Seminar 04 - Narratives of Jewish Migration
This seminar explores aspects of the evolution of narratives of Jewish migration, from the founding narrative of exodus in Biblical and rabbinic literature to narratives of migration in literary-historical texts from the 18th to the 20th century and beyond. Thus “narrative” (along with related concepts of tradition and cultural transmission) and “migration” become basic keywords and concepts to be viewed analytically, historicized, and periodized. We consider how “narrative,” “migration,” and Jewish identity are interrelated and figure in contemporary debates about Jewish peoplehood. Our texts address the dynamic between religious and secular narratives of migration, on one hand, and the precarious stability and security of Jewish identities. The seminar’s readings, both sacred (Exodus, the Passover Haggadah), literary (Brockden Brown, Anya Yezierska, Joseph Roth, Philip Roth, etc.) and critical (Amery, Boyarin, Brinkmann, etc.) enable us to examine the construction and transformation(s) of Jewish narratives of migration and Jewish identity and trace out the vicissitudes of stability, security, and happiness in sacred and secular literature.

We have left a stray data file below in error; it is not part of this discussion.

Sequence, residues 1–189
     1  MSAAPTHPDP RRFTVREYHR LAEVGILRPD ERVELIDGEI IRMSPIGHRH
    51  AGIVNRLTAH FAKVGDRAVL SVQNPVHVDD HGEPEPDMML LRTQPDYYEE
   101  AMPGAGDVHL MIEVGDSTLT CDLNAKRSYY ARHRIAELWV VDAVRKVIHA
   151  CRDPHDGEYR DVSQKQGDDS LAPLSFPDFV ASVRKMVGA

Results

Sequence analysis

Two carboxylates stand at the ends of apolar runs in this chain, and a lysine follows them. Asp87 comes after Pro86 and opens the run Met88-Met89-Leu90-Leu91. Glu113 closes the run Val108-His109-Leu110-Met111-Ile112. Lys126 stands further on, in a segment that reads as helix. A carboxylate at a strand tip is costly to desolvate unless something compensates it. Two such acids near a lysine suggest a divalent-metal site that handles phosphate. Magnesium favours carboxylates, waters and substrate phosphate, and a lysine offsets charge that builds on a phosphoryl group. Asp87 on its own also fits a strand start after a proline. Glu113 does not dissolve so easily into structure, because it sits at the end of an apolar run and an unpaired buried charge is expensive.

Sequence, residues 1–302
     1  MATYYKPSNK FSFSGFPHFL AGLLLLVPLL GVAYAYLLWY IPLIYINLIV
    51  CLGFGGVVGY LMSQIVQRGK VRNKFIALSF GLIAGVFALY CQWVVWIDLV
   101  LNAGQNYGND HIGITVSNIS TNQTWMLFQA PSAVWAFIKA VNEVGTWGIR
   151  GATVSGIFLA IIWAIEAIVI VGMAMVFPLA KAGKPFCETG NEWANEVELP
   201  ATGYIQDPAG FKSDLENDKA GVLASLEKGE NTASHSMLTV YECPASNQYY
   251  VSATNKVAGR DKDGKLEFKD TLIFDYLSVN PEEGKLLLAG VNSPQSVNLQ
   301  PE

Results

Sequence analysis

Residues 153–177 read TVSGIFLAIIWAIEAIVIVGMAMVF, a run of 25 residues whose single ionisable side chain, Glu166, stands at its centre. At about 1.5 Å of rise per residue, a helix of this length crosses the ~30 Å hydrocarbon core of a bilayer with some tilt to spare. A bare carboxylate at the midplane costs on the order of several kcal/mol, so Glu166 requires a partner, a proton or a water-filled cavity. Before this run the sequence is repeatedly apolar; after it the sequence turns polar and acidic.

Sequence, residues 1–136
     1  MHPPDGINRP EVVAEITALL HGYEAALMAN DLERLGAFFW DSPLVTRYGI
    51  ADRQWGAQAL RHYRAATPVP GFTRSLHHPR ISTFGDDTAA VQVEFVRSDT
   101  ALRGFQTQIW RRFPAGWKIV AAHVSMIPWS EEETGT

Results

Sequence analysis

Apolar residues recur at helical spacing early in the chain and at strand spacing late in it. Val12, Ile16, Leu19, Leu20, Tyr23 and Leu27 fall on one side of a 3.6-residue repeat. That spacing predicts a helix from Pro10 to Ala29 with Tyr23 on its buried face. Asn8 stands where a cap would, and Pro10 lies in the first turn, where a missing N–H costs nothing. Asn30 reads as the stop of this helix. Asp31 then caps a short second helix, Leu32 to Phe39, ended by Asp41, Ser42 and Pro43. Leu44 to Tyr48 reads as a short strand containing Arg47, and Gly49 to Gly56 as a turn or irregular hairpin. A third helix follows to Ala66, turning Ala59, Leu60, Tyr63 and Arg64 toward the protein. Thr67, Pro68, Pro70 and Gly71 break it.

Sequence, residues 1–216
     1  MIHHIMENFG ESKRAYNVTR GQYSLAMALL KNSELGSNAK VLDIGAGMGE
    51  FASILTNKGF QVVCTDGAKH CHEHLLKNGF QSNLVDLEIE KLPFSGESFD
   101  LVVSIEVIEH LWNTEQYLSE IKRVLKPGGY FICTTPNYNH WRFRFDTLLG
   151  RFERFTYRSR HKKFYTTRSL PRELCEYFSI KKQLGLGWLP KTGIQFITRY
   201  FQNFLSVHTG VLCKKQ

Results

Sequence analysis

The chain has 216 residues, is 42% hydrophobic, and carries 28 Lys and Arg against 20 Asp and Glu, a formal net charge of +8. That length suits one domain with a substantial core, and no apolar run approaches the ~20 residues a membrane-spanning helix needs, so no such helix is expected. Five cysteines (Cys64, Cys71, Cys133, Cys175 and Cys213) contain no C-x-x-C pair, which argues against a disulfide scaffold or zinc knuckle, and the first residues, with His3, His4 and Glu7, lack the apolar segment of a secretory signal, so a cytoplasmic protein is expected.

- Seminar 01 - Unhappy Nations: Histories and Politics
- Seminar 02 - Media and Populism: Digitalization of Politics
- Seminar 03 - Economics and Inequalities: GDP and Happiness
- Seminar 04 - Narratives of Jewish Migration
- Seminar 05 - Aging and Masculinities: In Pursuit of Happiness
- Seminar 06 - Philosophy of (Un)Happiness: Passion and Nostalgia